STEVE INSKEEP, HOST:
Now let's get an update on vaccinations in the country where the coronavirus spread first. China has overcome the pandemic more quickly than other countries. But getting people vaccinated has been a struggle. NPR's Emily Feng asked why.
EMILY FENG, BYLINE: Across Beijing, long lines are forming for the country's first commercially approved coronavirus vaccine.
FENG: It's made by state firm Sinopharm. And Chinese companies and hospitals are now jostling to get their employees the vaccine.
UNIDENTIFIED GUARD: (Non-English language spoken).
FENG: A guard at this Beijing vaccination site reassures the unvaccinated their turn will soon come. China is great at mobilizing hundreds of millions of people into home isolation or for mass COVID testing. But like many countries, China is struggling with vaccines. Less than 1.6% of people in China have been inoculated so far. And Beijing's goal is modest, to get about 50 million - or less than 4% - of people vaccinated by mid-February. Part of the reason is it's had very few outbreaks over the last few months.
YANZHONG HUANG: People perceived as low risk of COVID infection. So - you know, there are, really, not a lot of people, you know, that feel like it is urgency of getting vaccinated.
FENG: That's Yanzhong Huang, a public health expert at Seton Hall University. Right now, surveys show 60 to 80% of people in China are willing to be vaccinated. That's a problem. China needs to vaccinate basically everyone. That's because its two main vaccines are only between 50 and 80% effective. To inoculate 1.4 billion people with two-shot vaccines means manufacturing will be the biggest bottleneck.
HUANG: China made vaccines based on, you know, the inactivated viruses, you know? So - you know, that is subject to constraints of scale-up.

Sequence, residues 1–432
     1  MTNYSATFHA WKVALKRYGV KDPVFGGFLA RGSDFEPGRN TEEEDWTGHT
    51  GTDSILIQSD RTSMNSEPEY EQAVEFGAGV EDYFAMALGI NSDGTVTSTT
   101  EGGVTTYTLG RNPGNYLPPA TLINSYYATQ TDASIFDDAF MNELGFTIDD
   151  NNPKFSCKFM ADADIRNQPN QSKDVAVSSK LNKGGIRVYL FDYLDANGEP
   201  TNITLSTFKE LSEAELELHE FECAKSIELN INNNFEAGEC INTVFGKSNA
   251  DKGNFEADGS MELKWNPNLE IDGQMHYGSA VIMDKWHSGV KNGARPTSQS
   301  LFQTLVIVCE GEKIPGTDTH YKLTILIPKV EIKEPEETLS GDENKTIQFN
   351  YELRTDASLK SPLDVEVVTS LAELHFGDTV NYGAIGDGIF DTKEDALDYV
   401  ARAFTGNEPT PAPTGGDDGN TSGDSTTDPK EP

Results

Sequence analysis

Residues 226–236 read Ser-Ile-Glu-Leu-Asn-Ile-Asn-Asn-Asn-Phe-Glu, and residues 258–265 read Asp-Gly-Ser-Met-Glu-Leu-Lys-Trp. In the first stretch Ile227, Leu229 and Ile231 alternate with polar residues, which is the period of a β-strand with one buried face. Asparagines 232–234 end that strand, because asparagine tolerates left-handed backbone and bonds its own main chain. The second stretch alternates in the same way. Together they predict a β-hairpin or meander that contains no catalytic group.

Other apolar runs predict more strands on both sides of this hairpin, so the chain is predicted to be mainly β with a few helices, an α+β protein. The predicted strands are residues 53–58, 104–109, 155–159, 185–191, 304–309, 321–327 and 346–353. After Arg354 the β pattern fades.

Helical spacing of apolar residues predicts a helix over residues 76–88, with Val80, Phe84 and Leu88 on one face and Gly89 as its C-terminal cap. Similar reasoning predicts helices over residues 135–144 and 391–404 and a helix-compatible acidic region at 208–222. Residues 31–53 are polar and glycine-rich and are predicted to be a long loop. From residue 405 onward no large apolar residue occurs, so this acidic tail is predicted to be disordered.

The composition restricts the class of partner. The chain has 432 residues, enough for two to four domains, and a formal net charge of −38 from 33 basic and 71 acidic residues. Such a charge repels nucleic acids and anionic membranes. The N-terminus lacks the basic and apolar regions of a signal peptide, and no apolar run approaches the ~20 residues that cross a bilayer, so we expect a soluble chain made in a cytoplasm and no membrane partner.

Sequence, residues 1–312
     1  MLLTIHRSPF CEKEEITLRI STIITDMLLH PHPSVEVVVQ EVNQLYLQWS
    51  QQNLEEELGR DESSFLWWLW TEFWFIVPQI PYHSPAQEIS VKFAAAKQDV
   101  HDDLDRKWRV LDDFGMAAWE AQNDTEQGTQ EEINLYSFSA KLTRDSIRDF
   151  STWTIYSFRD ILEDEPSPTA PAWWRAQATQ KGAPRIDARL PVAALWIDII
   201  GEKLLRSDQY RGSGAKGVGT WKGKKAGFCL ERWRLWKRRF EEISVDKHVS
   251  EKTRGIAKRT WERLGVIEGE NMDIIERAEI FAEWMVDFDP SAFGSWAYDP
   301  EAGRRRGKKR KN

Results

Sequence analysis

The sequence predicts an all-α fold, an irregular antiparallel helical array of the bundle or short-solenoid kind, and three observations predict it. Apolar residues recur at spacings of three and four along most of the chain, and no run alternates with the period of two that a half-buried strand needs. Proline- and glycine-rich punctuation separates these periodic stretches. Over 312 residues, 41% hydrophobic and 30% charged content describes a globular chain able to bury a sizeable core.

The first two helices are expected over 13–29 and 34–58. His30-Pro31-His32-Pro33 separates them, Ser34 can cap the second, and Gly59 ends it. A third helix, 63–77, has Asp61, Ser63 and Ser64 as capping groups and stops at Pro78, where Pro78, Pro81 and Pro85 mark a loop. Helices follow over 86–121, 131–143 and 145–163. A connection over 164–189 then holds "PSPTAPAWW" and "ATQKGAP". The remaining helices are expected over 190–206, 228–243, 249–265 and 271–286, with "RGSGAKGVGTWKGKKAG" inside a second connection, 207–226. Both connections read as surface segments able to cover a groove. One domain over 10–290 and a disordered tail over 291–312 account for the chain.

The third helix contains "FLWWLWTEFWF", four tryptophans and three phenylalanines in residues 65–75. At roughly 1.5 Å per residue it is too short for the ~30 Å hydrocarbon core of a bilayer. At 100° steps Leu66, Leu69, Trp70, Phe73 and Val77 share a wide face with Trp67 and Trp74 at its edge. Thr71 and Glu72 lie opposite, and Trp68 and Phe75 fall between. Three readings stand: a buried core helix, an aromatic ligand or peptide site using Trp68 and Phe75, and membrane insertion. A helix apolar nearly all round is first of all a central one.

FENG: By contrast, mRNA vaccines like Pfizer and Moderna's are faster to make. China says it's made about 600 million shots already. Sinopharm says they're adding production lines to make another 1.8 billion COVID shots by the end of this year.
HUANG: But even based on that number, given the vast needs of domestic vaccination, you know, that number is still not sufficient.
FENG: And about 400 million of those doses have been promised to other countries. So for now, the vaccine is a hot commodity. Beijing is prioritizing health care and transportation workers. Unlike other countries, it is not vaccinating anyone above the age of 59 yet. Chinese students studying abroad can also be part of this lucky first batch to get the vaccine. Amy is one of them. She's hoping to get her second shot in Beijing soon so she can return to the U.K. for her master's program.
AMY: I think it's as normal as taking other vaccines that I have taken before.
FENG: Though, she did have some muscle soreness. Amy did not want to give a last name because her parents are government workers and could get in trouble because they pulled strings at Sinopharm to get her her second vaccine shot faster.
AMY: The reason why my mother, she found someone for me, is maybe there are too many people in Beijing want to take the vaccine. And she don't want me to queue for a very long time.
FENG: For others in China, they might have to wait to the end of this year before their turn comes. Emily Feng, NPR News, Beijing.
(SOUNDBITE OF FREDDIE JOACHIM'S "MULLED WINE")
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